Pastor Kenneth Glasgow, founder of The Ordinary People Society, a Dothan nonprofit advocacy group, said the law would have wide-reaching impacts on many felons across the state, including many incarcerated offenders who would regain the right to vote and therefore be eligible to vote via absentee ballot. Glasgow, who has been working to re-enfranchise many felons since shortly after he was released from prison in 2001, said the legislation would also restore voting rights for Alabamians who are charged with felonies but have not been convicted.

The Alabama Legislature passed this bill to codify the specific laws that could be considered ‘moral turpitude’ and prevent felons from restoring their right to vote. The bill lists fifty specific Alabama statutes, including Murder, Manslaughter, Kidnapping, Rape. Sodomy, Terrorism, Child Pornography and others that will permanently prevent former felons from regaining their rights. All other felons will be able to get their rights restored at the local voter registrars office or through a process of application to the Alabama Pardons and Parole Board.
Rev. Glasgow has been working for many years to get the basic citizenship rights of formerly incarcerated people restored. This legislation, which passed on unanimous votes in the Alabama House and Senate, make clears which felonies are of such magnitude as to limit a person’s citizenship rights. All other lower level felonies will not longer prevent someone from voting, even persons in jail, awaiting trial will be able to vote absentee.
Citizenship is something Glasgow does not take for granted. When he was released from prison in 2001 at the age of 36, he had recently become ordained and was eager to start his life anew. Growing up, he had watched his half-brother Al Sharpton lead civil rights marches and protests and eventually launch a national voter advocacy organization, and Glasgow looked forward to following in his footsteps. He wanted to grow his ministry and similarly help black citizens fight for equal rights under the law.
When we was told he couldn’t vote because of his felony conviction, it felt like the state was slamming the door on that new life. “When they told me, I got angry,” he said. “I got so angry that I said okay, if I couldn’t vote, I’m gonna make sure everybody I know get their voting rights and are able to vote.”
For three years, while using his ministry to educate people about the importance of voting, Glasgow also fought the state of Alabama through the lengthy and complicated pardon process, eventually getting a partial pardon in 2004 that would allow him to vote.
Four years later, he learned that his struggle had been unnecessary. The state had made a mistake and misunderstood its own law. “I should never have been stricken off the books at all,” he said.
As it turned out, Alabama had been disenfranchising felons using a century-old, discriminatory provision, which states “no person convicted of a felony of moral turpitude” should be permitted to vote. But the state had never officially defined what constituted such a crime, leaving it up to individual registrars to make that decision themselves.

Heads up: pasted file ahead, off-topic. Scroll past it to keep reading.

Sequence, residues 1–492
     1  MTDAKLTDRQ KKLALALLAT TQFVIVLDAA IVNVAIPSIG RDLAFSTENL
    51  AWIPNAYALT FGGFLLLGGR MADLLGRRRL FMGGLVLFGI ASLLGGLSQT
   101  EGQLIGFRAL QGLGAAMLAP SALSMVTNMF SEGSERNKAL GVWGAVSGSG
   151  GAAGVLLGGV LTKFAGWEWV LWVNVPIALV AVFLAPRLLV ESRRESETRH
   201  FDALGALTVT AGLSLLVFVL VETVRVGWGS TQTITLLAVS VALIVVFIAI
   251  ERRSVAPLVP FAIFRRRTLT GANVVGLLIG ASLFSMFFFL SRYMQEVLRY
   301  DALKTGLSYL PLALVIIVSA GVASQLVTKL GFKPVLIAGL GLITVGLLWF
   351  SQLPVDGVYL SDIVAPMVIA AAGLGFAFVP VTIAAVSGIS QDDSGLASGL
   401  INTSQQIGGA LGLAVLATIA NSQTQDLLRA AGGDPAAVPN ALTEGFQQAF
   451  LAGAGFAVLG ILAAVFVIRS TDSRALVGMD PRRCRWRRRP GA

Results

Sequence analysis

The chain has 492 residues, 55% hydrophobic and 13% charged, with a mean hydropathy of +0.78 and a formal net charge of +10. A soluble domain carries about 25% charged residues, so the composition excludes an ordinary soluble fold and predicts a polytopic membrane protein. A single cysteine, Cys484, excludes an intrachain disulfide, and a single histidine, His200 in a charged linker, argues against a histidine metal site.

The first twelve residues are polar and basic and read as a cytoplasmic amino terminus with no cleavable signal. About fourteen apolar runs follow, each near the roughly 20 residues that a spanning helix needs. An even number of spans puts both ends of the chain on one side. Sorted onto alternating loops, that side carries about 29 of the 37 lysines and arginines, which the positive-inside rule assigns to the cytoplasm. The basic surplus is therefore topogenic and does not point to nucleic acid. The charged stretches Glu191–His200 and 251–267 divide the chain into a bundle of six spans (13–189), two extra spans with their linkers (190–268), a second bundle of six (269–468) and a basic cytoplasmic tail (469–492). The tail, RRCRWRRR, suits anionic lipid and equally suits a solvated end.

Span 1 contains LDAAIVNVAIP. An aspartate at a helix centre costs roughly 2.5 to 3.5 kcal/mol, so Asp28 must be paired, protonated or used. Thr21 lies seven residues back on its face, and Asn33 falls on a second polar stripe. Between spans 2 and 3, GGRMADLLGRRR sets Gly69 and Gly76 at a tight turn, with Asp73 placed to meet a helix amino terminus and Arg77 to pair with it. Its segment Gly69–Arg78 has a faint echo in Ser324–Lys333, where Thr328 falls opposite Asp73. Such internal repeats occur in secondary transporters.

Glasgow’s drug charge, he learned, was not necessarily a crime of “moral turpitude,” so he and thousands of other Alabama citizens had been wrongfully turned away from the polls for decades. After realizing the scope of the problem, Glasgow became one of the most prominent faces in the fight to get the state to explain what the vague phrase means.
When the Alabama constitution was adopted in 1901, the disenfranchisement of those “convicted of a felony of moral turpitude” had less-than-veiled racial implications.
Though no official definition was given, crimes of “moral turpitude” were commonly understood as crimes more frequently committed by black citizens. According to the president of the all-white constitutional convention, the purpose of the disenfranchisement provision was to “establish white supremacy in this state.”
And that’s exactly what the law did. “It allowed registrars to deny the right to vote to black people and grant the right to vote to white people,” said Danielle Lang, the deputy director of voting rights for the Campaign Legal Center, which is currently challenging Alabama’s disenfranchisement law in court. For decades, unelected county registrars were given broad discretion to decide who they would block from the polls.
That arbitrary system was used until 1985, when the U.S. Supreme Court attempted to roll back the racist wording. In a unanimous ruling, the court held that the “moral turpitude” language is intentionally discriminatory and violates the Equal Protection Clause. But it was short-lived victory — voter suppression efforts quickly surged back in Alabama.
Eleven years after the ruling, Alabama lawmakers inserted the same “moral turpitude” provision into a state disenfranchisement law. The law was different enough from the constitution to pass muster, but provided no new justification for the vague language.
“Until maybe this week, it has continued to function in a way that allows for arbitrariness and therefore allows for discrimination,” Lang said.
It’s hard to know how much arbitrariness actually exists in the system because the state has not responded to requests for data, but “we do know quite a bit from anecdotal evidence,” Lang said. One county could allow a person to vote with a conviction for drug possession with intent to distribute, but another county could decide to kick him or her off the rolls for the same crime.